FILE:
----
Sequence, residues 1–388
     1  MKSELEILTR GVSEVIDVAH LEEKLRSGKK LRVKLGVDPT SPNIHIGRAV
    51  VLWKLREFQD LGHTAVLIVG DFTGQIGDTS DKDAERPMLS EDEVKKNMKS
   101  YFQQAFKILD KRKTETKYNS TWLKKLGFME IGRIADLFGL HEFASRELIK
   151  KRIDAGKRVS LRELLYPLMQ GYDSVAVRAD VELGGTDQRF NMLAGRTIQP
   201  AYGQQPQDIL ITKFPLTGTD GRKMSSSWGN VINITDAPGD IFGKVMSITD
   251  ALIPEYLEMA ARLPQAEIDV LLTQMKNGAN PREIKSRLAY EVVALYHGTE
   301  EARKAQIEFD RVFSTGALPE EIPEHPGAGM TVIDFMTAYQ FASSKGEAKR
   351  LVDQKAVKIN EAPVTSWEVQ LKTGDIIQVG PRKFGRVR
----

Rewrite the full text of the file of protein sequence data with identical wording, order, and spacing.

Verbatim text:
Sequence, residues 1–388
     1  MKSELEILTR GVSEVIDVAH LEEKLRSGKK LRVKLGVDPT SPNIHIGRAV
    51  VLWKLREFQD LGHTAVLIVG DFTGQIGDTS DKDAERPMLS EDEVKKNMKS
   101  YFQQAFKILD KRKTETKYNS TWLKKLGFME IGRIADLFGL HEFASRELIK
   151  KRIDAGKRVS LRELLYPLMQ GYDSVAVRAD VELGGTDQRF NMLAGRTIQP
   201  AYGQQPQDIL ITKFPLTGTD GRKMSSSWGN VINITDAPGD IFGKVMSITD
   251  ALIPEYLEMA ARLPQAEIDV LLTQMKNGAN PREIKSRLAY EVVALYHGTE
   301  EARKAQIEFD RVFSTGALPE EIPEHPGAGM TVIDFMTAYQ FASSKGEAKR
   351  LVDQKAVKIN EAPVTSWEVQ LKTGDIIQVG PRKFGRVR